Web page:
Want your children to be good learners? Read to them
Studies show a strong correlation between children being read to during their early years and their academic success.
We've written about the importance of investing in early childhood education as a community development strategy, one documented and supported by some of the nation's leading economists.
However, it also pays to state the obvious as pointed out recently by Pulitzer Prize-winning New York Times columnist Thomas Friedman. Friedman asked in a November 19 commentary, "How About Better Parents?"
Friedman cites recent research that highlights the power of parents to influence their children's academic achievement by being engaged, invested and, first and foremost, by regularly reading to their children in the early and primary years.
The Organization for Economic Cooperation and Development, through the Program for International Student Assessment (PISA), assessed the academic achievement of 15-year-olds in the leading industrialized nations. Unfortunately, the United States does not top the list. Students in Singapore, Finland and Shanghai do better.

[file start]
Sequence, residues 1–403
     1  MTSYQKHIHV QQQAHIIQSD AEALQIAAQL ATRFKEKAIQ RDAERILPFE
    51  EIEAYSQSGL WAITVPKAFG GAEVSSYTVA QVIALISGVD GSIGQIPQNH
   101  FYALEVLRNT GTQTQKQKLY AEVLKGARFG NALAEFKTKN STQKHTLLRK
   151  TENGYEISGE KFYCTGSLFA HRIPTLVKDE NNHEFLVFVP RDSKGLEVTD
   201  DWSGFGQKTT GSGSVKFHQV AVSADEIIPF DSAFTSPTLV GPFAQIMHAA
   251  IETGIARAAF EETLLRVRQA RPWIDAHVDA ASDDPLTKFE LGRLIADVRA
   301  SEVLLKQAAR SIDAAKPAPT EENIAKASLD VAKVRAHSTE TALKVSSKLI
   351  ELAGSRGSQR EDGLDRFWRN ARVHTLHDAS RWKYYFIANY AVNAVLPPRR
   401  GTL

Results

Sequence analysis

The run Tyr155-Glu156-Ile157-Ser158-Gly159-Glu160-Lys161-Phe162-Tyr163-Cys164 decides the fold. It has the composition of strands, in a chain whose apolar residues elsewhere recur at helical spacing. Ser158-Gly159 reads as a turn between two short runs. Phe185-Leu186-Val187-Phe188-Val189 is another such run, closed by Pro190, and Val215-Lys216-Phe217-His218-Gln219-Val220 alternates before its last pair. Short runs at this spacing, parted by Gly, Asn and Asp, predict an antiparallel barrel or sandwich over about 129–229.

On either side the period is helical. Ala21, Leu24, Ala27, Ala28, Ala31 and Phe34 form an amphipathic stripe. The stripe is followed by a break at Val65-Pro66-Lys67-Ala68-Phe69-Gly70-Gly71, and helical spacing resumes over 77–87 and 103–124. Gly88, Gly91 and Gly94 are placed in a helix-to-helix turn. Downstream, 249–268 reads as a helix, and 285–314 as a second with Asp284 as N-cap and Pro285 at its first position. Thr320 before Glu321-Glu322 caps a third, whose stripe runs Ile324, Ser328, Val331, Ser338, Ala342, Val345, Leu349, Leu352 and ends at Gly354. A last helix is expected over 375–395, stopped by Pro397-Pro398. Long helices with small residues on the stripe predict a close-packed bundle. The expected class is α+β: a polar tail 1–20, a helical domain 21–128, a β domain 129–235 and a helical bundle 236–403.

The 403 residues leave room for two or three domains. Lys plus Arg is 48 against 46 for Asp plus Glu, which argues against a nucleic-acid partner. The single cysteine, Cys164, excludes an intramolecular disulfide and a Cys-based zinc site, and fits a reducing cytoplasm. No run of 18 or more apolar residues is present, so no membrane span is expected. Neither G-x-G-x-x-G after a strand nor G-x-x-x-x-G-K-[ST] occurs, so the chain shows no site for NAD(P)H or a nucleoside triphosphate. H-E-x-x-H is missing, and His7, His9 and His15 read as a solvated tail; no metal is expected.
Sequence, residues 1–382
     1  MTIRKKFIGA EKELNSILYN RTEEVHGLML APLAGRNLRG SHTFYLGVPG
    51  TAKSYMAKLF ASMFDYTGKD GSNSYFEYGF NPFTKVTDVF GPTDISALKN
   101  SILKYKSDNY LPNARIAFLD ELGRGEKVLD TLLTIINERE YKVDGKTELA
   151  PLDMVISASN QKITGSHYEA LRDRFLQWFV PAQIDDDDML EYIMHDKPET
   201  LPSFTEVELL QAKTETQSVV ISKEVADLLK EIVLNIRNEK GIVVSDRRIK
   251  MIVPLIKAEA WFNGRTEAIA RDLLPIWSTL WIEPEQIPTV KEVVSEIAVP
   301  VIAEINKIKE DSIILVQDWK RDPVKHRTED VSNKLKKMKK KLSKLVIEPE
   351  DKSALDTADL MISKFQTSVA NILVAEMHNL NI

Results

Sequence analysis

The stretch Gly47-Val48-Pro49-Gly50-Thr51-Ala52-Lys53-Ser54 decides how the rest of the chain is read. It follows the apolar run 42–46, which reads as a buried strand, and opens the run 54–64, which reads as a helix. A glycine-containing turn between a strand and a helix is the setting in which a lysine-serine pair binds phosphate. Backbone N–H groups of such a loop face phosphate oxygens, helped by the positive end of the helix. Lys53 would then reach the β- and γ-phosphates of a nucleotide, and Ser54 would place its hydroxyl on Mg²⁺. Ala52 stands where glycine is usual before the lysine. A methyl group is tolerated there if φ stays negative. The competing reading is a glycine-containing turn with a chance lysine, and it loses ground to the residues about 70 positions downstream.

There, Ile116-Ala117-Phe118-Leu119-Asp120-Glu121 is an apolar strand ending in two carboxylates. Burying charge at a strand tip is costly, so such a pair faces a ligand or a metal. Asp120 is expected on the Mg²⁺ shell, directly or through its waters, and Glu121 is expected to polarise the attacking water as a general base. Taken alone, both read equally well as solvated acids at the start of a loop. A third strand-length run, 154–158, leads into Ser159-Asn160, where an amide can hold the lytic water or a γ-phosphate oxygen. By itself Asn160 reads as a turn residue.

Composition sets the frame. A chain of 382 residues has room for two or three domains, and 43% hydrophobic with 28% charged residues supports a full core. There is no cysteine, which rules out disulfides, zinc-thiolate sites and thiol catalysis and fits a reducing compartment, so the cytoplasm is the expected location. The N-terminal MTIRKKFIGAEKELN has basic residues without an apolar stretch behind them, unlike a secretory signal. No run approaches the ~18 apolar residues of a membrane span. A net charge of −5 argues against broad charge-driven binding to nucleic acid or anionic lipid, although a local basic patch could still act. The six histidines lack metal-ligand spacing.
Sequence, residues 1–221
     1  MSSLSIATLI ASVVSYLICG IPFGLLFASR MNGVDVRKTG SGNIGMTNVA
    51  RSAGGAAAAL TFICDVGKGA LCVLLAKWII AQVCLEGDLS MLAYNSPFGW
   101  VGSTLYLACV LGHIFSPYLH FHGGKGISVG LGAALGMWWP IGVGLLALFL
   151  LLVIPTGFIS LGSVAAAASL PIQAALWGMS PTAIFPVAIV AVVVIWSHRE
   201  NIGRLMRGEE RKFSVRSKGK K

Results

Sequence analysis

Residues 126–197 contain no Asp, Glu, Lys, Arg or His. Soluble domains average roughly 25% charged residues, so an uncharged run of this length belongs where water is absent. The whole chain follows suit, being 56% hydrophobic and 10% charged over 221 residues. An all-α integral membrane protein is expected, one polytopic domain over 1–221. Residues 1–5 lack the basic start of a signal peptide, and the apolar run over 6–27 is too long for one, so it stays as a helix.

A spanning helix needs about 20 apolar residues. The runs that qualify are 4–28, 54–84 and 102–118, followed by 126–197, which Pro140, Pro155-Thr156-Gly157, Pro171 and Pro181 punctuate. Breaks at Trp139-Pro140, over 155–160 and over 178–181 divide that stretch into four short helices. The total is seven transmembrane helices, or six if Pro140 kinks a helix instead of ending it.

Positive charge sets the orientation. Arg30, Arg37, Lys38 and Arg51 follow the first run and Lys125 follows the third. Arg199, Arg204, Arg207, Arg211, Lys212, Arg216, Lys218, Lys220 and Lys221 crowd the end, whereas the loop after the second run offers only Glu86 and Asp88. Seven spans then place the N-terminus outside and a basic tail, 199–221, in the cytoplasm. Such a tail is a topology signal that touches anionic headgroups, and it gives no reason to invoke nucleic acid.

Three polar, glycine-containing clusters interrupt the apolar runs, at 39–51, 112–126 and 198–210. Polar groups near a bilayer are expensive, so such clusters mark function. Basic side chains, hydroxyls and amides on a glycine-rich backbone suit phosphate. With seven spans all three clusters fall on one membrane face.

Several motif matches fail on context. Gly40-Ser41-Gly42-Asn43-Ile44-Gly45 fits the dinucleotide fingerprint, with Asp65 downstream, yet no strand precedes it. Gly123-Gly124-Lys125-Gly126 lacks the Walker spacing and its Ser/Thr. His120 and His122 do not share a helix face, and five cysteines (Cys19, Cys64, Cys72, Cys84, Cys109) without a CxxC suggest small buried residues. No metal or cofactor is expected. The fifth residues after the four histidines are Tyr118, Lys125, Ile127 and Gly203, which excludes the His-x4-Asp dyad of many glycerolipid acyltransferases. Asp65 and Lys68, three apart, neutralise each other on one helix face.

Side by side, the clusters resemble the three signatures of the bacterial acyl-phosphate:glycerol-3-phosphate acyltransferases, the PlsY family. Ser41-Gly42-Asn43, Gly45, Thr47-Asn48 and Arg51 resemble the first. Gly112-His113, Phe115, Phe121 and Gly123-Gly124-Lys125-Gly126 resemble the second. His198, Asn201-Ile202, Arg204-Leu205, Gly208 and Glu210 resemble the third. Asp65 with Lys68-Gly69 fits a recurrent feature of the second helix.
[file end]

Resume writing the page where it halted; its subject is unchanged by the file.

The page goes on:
PISA also analyzed the reasons for these differences in test results, including an assessment of parental involvement. The correlation was strong. The group of students whose parents often read to them during their early years scored higher than those whose parents read to them infrequently or not at all. The performance advantage held true regardless of the family's socioeconomic background.
The quality of parental involvement also matters. Reading a book with a child, engaging in daily conversation, and telling stories are ways in which parents can set the stage for academic achievement. These styles and strategies don't cost anything but time, understanding and intentionality.
How can we better help parents take these simple steps to improve their children's academic success? It's a discussion worth the engagement of our political, business and educational communities.